Ruborough Camp large univallate hillfort


Heritage Category:
Scheduled Monument
List Entry Number:
Date first listed:
Date of most recent amendment:


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The building or site itself may lie within the boundary of more than one authority.

Sedgemoor (District Authority)
National Grid Reference:
ST 22795 33529

Reasons for Designation

Large univallate hillforts are defined as fortified enclosures of varying shape, ranging in size between 1ha and 10ha, located on hilltops and surrounded by a single boundary comprising earthworks of massive proportions. They date to the Iron Age period, most having been constructed and used between the fourth century BC and the first century AD, although evidence for earlier use is present at most sites. The size of the earthworks reflects the ability of certain social groups to mobilise the labour necessary for works on such a monumental scale, and their function may have had as much to do with display as defence. Large univallate hillforts are also seen as centres of redistribution, both for subsistence products and items produced by craftsmen. The ramparts are of massive proportions except in locations where steepness of slope precludes easy access. They can vary between 6m and 20m wide and may survive to a height of 6m. The ditches can measure between 6m and 13m wide and between 3m and 5m deep. Access to the interior is generally provided by one or two entrances which often take the form of long passages formed by inturned ramparts and originally closed by a gate located towards the inner end of the passageway. The entrance may be flanked by guardrooms and/or accompanied by outworks. Internal features often include round-houses as well as small rectangular and square structures supported by four to six postholes and interpreted as raised granaries. When excavated, the interior areas exhibit a high density of features, including post- and stakeholes, gullies, floors, pits, hearths and roads. Large univallate hillforts are rare with between 50 and 100 examples recorded nationally. Most are located within southern England where they occur on the chalklands of Wessex, Sussex and Kent. The western edge of the distribution is marked by scattered examples in north Somerset and east Devon, while further examples occur in central and western England and outliers further north. Within this distribution considerable regional variation is apparent, both in their size, rampart structure and the presence or absence of individual components. In view of the rarity of large univallate hillforts and their importance in understanding the organisation and regional structure of Iron Age society, all examples with surviving archaeological potential are believed to be of national importance.

Ruborough Camp survives well and will contain archaeological remains and environmental evidence relating to the monument and the landscape in which it was constructed. The site is unusual as it has a cross-ridge outwork defining a second unfinished phase of construction.


The monument includes a large univallate hillfort situated on a triangular promontory of land in the eastern Quantock Hills. The fort is rectilinear with rounded corners, the shape being determined by the natural contours of the hill. The earthworks enclose 1.8ha, with a further 1.8ha defined on the western uphill side by an outer line of defences. Around the main fort the defences include a rampart, most massive against the higher land (up to 3.4m high) but absent along much of the steep south-east side, a ditch outside this forming a drop of up to 6m, and a counterscarp bank up to 1.5m high beyond the ditch. The main entrance to the fort faces downhill on the eastern tip of the earthworks, where a hollow way runs up the spine of the hill and through a short inturned passageway. A notable mounding of the southern rampart end here may represent a guard tower. There is a second entrance gap on the west through the uphill rampart, with a slight causeway across the ditch. The extension to the west of the fort is defined most notably by a cross-ridge work, with an incomplete rampart separated by a berm from an outer ditch. To the south this outwork is linked to the main fort by an extension of the counterscarp bank, and on the north a later hedge-bank in the equivalent location may have reused a similar feature. A start seems to have been made on extending the ditch likewise, but this continues for no further than 15m. This all suggests that the outer area is a later and unfinished addition. Across the south of the outwork ditch are three causeways, one with a corresponding gap in the rampart, which is perhaps an original entrance. A writer in 1890 mentioned that 'a subterranean passage, 100 yards long, now filled in, gave the occupants of the camp access to a spring of water on the side of the hill'. Excluded from the scheduling are all modern fences, although the ground beneath is included.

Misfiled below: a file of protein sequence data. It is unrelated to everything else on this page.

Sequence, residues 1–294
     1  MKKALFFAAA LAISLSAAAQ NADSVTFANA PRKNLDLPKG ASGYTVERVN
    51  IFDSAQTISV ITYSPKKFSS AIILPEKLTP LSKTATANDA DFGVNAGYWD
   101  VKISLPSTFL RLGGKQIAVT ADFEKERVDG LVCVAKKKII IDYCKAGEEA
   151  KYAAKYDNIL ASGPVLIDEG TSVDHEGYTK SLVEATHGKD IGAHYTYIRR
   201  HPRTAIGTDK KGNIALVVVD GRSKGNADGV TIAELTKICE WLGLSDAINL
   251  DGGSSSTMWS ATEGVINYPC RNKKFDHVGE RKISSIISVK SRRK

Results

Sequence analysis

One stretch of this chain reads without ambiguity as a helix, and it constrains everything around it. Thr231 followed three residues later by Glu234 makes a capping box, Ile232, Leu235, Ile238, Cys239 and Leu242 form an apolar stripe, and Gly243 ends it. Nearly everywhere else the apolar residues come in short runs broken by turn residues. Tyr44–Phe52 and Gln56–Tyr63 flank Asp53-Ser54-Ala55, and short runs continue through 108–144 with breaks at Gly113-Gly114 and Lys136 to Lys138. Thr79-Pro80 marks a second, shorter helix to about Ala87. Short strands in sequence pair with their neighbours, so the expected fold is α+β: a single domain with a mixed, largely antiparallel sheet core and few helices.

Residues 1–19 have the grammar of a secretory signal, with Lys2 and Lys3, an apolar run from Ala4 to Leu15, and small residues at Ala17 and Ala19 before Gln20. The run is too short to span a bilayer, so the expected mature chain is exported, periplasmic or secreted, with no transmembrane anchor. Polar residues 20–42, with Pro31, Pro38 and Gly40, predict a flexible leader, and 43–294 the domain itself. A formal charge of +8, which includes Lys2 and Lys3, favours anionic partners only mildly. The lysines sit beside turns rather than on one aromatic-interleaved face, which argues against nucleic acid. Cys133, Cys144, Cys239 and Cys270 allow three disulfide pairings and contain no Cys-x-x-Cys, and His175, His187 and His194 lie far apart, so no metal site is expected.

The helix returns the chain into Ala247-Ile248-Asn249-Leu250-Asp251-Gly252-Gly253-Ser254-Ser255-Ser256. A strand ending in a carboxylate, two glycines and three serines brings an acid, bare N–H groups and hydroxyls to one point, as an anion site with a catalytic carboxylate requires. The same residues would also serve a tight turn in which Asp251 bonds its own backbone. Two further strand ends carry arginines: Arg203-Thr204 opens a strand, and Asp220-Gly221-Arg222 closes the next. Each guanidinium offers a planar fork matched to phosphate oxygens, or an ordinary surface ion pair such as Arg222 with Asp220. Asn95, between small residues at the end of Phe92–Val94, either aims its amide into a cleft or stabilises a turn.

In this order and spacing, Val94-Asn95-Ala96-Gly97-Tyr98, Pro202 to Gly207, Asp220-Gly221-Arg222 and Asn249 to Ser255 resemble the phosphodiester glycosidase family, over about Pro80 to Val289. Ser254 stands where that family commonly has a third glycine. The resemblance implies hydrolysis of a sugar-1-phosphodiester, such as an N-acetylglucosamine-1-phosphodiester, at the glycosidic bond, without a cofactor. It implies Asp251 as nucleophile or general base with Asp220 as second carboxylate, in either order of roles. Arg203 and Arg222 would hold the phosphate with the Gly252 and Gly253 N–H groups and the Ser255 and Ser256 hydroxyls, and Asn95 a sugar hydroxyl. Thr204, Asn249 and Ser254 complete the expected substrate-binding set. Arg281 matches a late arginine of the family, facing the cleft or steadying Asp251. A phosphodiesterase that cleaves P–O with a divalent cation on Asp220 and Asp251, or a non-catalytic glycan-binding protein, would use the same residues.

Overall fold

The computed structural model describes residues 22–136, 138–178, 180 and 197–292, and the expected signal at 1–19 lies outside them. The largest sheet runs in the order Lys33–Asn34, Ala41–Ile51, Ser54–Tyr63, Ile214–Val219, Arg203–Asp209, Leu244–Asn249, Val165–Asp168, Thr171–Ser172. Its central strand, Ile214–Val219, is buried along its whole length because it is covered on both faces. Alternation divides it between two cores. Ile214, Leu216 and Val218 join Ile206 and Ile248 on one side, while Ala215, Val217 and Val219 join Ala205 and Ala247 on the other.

MAP EXTRACT The site of the monument is shown on the attached map extract. It includes a 2 metre boundary around the archaeological features, considered to be essential for the monument's support and preservation.


The contents of this record have been generated from a legacy data system.

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Books and journals
Burrow, I (.), Hillfort and Hilltop Settlement in Somerset, (1981), 218-9
Ref. Grinsell, L.V. 1976 p100, Ruborough Camp 10228, (1982)


This monument is scheduled under the Ancient Monuments and Archaeological Areas Act 1979 as amended as it appears to the Secretary of State to be of national importance. This entry is a copy, the original is held by the Department for Digital, Culture, Media and Sport.

End of official listing

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